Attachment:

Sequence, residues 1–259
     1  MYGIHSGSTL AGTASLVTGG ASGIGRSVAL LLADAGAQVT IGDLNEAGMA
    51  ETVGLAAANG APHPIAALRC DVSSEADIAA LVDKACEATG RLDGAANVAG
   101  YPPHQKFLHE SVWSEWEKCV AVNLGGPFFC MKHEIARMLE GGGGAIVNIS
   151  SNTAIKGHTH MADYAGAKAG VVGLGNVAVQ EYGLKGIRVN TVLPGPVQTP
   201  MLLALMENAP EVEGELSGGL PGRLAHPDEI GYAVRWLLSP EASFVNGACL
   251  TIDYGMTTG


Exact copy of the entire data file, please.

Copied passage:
Sequence, residues 1–259
     1  MYGIHSGSTL AGTASLVTGG ASGIGRSVAL LLADAGAQVT IGDLNEAGMA
    51  ETVGLAAANG APHPIAALRC DVSSEADIAA LVDKACEATG RLDGAANVAG
   101  YPPHQKFLHE SVWSEWEKCV AVNLGGPFFC MKHEIARMLE GGGGAIVNIS
   151  SNTAIKGHTH MADYAGAKAG VVGLGNVAVQ EYGLKGIRVN TVLPGPVQTP
   201  MLLALMENAP EVEGELSGGL PGRLAHPDEI GYAVRWLLSP EASFVNGACL
   251  TIDYGMTTG